You want to be a principal? That is the question!

When I was a teacher, the thought of becoming a principal was not even on my radar. However, I had several leaders who recognized my potential. This led me to this question and many more questions that followed. After 17 years as an administrator in public education and now in the educational leadership department in a higher education institution, I wanted to share with aspiring leaders some tips and tidbits of wisdom I learned. This is my way to pay it forward to the next wave of administrators.

Where to begin. Begin where you are! Look around and assess your campus. Is there a need that you could help to improve? Take the initiative and ask how you can assist in being a part of the solution. This will enable the administration to recognize that you are a problem solver and are willing to help with the bigger picture of the campus cultural/climate. I always appreciated it when my faculty and staff offered to help without having to be asked. This will also allow you a closer look at and insight into what it takes to deal with individuals outside of your classroom.

Do Your Research. While learning and assisting on your campus, do your research on what credentials you will need for your district and/or surrounding districts to be an administrator. A great to place to start is with your current administration, preferably an assistant principal, since they have recently gone through the process. There are also state requirements from Texas Education Agency (TEA) found at Certification | Texas Education Agency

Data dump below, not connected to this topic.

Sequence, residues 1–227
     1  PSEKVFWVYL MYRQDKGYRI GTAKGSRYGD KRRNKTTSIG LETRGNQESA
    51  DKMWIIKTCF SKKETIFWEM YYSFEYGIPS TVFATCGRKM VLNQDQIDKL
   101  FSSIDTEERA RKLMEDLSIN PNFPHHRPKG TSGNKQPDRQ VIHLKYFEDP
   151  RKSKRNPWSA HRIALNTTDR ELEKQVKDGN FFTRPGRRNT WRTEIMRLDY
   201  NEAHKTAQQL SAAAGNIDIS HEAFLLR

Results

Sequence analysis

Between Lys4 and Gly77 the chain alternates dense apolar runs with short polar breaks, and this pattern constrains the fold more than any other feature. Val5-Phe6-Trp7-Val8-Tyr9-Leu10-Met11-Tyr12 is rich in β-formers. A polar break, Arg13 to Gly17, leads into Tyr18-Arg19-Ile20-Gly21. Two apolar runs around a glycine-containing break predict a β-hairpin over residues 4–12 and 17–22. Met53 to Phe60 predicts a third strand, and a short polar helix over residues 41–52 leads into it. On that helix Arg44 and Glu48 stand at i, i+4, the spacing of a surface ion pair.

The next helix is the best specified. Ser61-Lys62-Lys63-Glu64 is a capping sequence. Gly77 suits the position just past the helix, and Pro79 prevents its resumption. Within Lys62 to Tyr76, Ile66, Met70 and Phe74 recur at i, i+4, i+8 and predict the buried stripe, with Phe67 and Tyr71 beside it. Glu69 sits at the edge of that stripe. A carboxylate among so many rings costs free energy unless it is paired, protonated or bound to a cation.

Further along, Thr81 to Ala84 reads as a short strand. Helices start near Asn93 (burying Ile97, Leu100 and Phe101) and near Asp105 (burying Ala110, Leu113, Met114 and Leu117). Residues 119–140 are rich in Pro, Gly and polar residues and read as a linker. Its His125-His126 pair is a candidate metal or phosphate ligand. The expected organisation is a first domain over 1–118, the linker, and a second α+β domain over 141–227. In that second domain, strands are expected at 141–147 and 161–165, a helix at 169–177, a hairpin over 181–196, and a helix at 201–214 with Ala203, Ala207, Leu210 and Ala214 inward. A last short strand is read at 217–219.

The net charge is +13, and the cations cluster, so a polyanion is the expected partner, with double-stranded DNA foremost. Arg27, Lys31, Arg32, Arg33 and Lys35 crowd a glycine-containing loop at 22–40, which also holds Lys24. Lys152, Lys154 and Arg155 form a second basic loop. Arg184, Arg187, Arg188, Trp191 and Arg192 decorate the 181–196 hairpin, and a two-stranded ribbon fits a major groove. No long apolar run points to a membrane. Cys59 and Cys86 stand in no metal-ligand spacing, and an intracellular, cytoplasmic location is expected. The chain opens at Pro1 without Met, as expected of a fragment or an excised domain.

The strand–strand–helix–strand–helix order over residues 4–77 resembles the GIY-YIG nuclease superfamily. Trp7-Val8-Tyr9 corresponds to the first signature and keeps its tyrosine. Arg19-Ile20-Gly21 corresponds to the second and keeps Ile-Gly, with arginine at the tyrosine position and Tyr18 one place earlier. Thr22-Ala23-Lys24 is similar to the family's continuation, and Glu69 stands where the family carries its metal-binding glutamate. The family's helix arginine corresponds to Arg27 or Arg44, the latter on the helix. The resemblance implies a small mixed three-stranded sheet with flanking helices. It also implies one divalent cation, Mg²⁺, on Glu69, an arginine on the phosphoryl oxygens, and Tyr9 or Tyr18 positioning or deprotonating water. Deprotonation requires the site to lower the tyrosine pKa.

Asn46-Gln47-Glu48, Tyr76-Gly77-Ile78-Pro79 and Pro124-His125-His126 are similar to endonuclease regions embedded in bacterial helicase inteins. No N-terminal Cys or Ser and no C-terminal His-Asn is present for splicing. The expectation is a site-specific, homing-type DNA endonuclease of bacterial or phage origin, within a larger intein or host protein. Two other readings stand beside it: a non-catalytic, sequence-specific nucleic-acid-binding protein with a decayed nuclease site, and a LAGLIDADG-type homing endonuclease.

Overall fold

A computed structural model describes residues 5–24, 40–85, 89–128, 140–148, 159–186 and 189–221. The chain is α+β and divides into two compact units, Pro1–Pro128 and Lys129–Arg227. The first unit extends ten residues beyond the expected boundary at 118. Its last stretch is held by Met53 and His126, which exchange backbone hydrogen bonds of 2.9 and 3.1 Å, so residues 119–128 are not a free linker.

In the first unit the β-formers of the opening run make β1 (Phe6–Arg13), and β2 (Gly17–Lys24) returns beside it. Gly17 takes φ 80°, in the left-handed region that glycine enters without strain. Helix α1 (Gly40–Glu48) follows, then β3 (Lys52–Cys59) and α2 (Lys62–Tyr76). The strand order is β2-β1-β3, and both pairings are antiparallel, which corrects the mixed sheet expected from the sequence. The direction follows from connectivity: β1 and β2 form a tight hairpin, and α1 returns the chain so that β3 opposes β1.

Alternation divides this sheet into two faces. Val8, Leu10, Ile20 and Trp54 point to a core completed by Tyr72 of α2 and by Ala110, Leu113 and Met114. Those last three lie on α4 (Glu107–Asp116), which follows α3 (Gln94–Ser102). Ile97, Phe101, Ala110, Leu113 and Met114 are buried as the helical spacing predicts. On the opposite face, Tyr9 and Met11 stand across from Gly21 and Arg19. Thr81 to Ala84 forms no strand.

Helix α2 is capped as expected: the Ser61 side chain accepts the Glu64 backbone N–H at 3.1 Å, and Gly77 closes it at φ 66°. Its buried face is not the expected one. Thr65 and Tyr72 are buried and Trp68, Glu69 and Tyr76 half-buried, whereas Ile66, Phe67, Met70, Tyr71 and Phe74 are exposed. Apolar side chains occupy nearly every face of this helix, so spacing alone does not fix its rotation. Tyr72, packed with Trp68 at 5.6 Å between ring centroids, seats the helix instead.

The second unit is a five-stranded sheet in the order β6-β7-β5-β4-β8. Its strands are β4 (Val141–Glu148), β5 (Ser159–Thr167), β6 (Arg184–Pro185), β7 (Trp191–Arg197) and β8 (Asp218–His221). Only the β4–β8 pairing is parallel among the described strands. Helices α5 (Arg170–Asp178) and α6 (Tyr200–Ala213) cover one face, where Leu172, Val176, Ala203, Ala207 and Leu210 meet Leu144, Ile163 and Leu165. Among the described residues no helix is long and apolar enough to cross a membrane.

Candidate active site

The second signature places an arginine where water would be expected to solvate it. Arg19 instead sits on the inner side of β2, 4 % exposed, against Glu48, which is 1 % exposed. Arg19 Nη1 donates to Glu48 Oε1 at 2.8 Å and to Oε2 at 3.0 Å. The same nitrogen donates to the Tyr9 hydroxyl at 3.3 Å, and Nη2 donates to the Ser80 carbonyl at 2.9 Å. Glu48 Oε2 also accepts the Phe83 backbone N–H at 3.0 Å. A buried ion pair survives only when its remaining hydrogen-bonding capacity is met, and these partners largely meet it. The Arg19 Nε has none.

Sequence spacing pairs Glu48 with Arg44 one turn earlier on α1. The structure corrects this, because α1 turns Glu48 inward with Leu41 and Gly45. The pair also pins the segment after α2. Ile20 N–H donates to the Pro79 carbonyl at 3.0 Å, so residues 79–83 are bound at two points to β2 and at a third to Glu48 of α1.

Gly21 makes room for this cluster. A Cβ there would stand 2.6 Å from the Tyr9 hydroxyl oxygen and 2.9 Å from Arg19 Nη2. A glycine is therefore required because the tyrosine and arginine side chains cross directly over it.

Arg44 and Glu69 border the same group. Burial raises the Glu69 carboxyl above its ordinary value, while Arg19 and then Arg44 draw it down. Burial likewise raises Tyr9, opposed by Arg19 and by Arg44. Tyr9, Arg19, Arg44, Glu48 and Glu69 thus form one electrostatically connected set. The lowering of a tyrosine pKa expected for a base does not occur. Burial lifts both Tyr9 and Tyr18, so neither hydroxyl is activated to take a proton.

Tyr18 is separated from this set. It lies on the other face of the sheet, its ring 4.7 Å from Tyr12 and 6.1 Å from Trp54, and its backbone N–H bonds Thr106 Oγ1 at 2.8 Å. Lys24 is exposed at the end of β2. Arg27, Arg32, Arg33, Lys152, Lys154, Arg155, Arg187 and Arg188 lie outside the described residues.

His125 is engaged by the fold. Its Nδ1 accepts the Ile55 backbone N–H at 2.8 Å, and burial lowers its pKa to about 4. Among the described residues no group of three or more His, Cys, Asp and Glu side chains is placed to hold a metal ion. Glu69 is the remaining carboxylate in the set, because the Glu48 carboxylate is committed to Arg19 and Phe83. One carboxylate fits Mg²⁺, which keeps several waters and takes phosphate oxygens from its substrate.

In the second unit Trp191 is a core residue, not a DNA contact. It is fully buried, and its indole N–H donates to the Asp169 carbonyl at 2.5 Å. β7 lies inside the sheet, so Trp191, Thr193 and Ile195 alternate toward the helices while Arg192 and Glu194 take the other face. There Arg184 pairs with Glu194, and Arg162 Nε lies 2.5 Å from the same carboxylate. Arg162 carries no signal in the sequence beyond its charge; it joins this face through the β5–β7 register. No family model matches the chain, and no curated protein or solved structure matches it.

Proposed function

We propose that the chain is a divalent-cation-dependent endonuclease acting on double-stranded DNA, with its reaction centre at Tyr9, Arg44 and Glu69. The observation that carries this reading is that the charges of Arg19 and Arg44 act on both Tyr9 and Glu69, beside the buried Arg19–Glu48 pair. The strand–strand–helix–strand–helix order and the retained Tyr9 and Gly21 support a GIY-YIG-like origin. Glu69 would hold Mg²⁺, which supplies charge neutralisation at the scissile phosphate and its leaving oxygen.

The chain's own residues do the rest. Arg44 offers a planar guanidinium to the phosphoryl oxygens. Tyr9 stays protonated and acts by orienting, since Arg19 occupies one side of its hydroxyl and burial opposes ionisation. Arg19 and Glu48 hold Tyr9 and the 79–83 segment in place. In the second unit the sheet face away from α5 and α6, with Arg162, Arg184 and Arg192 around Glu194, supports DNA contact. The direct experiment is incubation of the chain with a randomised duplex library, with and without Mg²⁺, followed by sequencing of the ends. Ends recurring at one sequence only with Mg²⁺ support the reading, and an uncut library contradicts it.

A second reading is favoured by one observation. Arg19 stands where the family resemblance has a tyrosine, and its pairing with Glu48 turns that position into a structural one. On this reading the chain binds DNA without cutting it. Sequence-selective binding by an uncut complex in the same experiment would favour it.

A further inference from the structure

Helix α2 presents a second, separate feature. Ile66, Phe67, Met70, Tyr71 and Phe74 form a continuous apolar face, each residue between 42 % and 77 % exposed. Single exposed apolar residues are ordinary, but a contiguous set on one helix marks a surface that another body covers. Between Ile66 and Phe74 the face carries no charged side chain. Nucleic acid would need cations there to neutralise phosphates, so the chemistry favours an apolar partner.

Look into Principal preparation programs that will fit you and your lifestyle. There are now face to face, hybrid and online programs at universities, regional service centers and in some districts that are available to help your pursuits. Take into serious consideration how you will manage your time with more demands. Mismanagement of time can cause undue stress and hinder your progress towards your goals (Sloan, 2018).

Get Connected. Join a district, regional and/or state organization for school leadership where you can meet and connect with others that can provide the support you will need. The Texas Elementary Principals and Supervisors Association (TEPSA) is a great organization that not only provides the connections needed on the state/ regional levels to sustain and help you grow in your career, but also provides legal coverage. They provide special memberships and conferences for aspiring administrators.

So, you want to be a principal? I hope so, because we need phenomenal leaders in the next wave of administrators to set our students on fire for learning and leading into the future.

 

Kathryn Washington, Ed.D, is an Assistant Professor of Educational Leadership at Lamar University. She also serves as the TEPSA President-Elect for Region 6 and the TCWSE Vice President.

 

Reference
Sloan, K. (2018, April 11). Why Stress Management and Time Management Go Hand in Hand.

The Texas Elementary Principals and Supervisors Association (TEPSA), whose hallmark is educational leaders learning with and from each other, has served Texas PK-8 school leaders since 1917. Member owned and member governed, TEPSA has more than 5,900 members who direct the activities of 3 million PK-8 school children. TEPSA is an affiliate of the National Association of Elementary School Principals.

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